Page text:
The Golden Temple in Amritsar, Punjab, is the most sacred shrine in Sikhism. It was officially renamed Harmandir Sahib (meaning the temple of God) in March 2005. The golden temple must be on one’s bucket list if you plan to visit Amritsar, since it is a popular tourist attraction.
In 1574, a piece of land was gifted by the Mughal emperor Akbar, to Bibi Bhani, daughter of Third Guru Amar Das, as a wedding gift when she married the Fourth Guru Raam Das. This is where the Golden Temple was later constaructed. The building project was overseen by the fourth and fifth Sikh Gurus. The temple was completed in 1601, but renovation continued over the years from time to time.
Maharaja Ranjit Singh was a warrior king who large heartedly donated money and materials for the development of the shrine. In the early 19th Century, the dome of the temple was covered with 100 kilograms of gold and decorative marble, under Maharaja Ranjit Singh’s rule. He is still remembered with much fondness by the Sikh community for his generous donations.
The many attractions
The Golden Temple is open to people from all walks of life, irrespective of their caste, race, creed, religion or status in society. The only restrictions on the visitors are that they must not drink alcohol, eat meat or smoke in the shrine.
The most sacred part of the whole Golden Temple complex is the main temple known as the Hari Mandiror Darbar Sahib (Court of the Lord).
It is the golden structure, surrounded by a large body of water. The gold-plated building features copper cupolas and the walls are made of white marbles. Islamic style floral patterns made of precious stones decorate the walls. The structure is engraved with verses from the Sikh holy book, Guru Granth Sahib.
The large water body known as the Amrit Sarovar (Pool of Nectar)surrounds the main temple. It is from this sacred body of water that Amritsar gets its name. It is said to have healing powers, and pilgrims from across the world come to bathe in these holy waters.
The temple is approached by doing the Parikrama (a religious practice) in a clockwise direction, around the sacred pool. Connecting this area with the Hari Mandir is a marble path called the Guru’s Bridge. It is said that this pathway covers the journey of the soul after death. The main gate that opens to the Guru’s Bridge is called the ‘Darshani Deorhi’ and has awe inspiring silver doors.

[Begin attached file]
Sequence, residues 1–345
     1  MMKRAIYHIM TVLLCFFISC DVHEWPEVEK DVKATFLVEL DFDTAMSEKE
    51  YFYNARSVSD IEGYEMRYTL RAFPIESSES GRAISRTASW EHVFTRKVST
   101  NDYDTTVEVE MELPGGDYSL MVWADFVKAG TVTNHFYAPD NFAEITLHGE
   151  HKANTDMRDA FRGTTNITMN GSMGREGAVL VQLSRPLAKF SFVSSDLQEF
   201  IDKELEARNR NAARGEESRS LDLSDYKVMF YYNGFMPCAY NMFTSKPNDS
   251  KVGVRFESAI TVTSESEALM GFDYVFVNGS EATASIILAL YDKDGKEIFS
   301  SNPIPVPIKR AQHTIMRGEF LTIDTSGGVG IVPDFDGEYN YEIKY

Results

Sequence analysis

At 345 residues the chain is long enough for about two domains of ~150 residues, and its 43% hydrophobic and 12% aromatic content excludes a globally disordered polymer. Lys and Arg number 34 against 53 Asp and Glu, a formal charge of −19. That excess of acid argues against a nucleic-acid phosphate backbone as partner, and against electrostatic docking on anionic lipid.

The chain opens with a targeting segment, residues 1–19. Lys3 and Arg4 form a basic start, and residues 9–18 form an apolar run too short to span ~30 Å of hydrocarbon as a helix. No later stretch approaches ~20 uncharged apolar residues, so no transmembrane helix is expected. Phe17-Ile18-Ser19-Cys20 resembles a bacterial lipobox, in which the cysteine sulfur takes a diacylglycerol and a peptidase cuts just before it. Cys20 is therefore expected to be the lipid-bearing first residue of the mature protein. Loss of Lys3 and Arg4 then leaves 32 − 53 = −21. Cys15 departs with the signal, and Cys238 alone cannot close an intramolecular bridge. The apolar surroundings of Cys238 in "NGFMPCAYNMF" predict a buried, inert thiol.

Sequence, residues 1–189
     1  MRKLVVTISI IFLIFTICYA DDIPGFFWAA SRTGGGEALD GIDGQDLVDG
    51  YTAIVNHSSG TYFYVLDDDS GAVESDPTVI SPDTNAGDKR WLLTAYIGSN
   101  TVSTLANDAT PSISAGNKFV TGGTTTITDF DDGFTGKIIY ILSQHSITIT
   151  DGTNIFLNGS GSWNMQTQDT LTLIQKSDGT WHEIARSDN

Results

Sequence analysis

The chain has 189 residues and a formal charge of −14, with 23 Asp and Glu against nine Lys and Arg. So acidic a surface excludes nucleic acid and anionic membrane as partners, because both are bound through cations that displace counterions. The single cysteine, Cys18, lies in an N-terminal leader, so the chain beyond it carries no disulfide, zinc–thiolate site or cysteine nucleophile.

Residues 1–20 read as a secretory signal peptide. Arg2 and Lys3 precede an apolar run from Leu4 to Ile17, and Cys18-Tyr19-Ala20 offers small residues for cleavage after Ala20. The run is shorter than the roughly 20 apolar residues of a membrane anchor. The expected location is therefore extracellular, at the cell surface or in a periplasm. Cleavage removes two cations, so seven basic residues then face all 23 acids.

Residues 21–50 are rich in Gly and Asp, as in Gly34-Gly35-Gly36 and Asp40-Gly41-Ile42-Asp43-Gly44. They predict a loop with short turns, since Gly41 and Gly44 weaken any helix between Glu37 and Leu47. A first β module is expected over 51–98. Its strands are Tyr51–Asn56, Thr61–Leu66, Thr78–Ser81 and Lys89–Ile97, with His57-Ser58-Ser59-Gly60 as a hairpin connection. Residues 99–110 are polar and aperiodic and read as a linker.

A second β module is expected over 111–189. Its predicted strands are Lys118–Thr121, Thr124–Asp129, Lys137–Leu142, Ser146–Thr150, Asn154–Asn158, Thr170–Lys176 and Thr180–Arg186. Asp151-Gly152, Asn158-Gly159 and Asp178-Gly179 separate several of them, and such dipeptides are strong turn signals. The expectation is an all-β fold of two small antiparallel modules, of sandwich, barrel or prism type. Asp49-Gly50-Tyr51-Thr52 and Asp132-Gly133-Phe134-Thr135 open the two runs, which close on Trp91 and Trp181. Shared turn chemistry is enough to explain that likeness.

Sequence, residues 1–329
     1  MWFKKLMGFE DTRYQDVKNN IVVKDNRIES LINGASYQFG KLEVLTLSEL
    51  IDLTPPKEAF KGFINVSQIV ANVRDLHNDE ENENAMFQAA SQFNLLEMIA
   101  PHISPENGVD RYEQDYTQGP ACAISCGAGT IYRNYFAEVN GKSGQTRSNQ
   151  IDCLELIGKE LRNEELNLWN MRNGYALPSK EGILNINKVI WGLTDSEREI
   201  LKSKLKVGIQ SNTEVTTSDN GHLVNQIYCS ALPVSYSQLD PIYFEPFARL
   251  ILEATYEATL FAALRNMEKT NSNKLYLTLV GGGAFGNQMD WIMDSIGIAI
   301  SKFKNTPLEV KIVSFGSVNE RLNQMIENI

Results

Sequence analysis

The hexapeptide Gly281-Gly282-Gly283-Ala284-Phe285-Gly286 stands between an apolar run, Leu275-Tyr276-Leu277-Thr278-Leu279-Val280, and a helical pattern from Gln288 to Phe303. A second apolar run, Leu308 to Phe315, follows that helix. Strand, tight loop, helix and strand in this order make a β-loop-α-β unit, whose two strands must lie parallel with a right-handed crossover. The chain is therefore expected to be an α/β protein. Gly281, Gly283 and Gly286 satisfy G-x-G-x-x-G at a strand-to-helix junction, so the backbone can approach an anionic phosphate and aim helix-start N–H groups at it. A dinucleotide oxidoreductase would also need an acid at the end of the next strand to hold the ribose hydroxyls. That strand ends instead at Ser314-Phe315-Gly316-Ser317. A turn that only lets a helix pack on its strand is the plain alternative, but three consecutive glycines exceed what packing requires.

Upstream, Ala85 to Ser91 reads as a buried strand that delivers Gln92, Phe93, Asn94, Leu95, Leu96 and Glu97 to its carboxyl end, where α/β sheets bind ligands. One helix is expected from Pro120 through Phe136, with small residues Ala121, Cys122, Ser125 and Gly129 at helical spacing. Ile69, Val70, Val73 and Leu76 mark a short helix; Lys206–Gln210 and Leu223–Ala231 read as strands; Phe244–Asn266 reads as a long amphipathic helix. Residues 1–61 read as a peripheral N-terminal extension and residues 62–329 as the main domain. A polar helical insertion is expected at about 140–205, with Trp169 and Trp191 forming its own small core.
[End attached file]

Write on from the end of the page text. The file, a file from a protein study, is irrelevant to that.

The scriptures from the Holy Book (Guru Granth Sahib) are sung beneath an umbrella studded with jewels. A chauri (feathered broom) is continuously waved above the Book as devotees touch their foreheads to the temple floor and walls, paying their respects.
Another important feature of the Golden Temple complex is the Guru-ka-Langar. It is a huge dining hall where almost 35,000 people are fed without any charge by temple volunteers everyday. Everyone sits on the floor, regardless of their caste, status, race or creed, giving out a powerful message of equality among the people, a thought which is at the core of the Sikh doctrine.
Central Sikh Museum
The Central Sikh Museum, located at the main entrance, has galleries that display photos, remembrances of Sikh gurus, warriors, and saints showcasing their history in a narrative form. It also includes some graphic portraits conveying the story of torture and execution of gurus.
Every night, the Guru Granth Sahib is carried by temple volunteers along the Guru’s Bridge to the Akal Takht, the seat of the Khalsa brotherhood.
This queue of temple volunteers is called the Palki Sahib. This ceremony provides a chance to all male pilgrims and visitors to shoulder the holy book for a few seconds before passing it along, forming a human conveyer belt. The ceremony takes place at a fixed time: 11pm in summers and 9:30 pm in winters.The shrine has four entrances in all four directions which signify that people belonging to every walk of life are welcomed with no discrimination.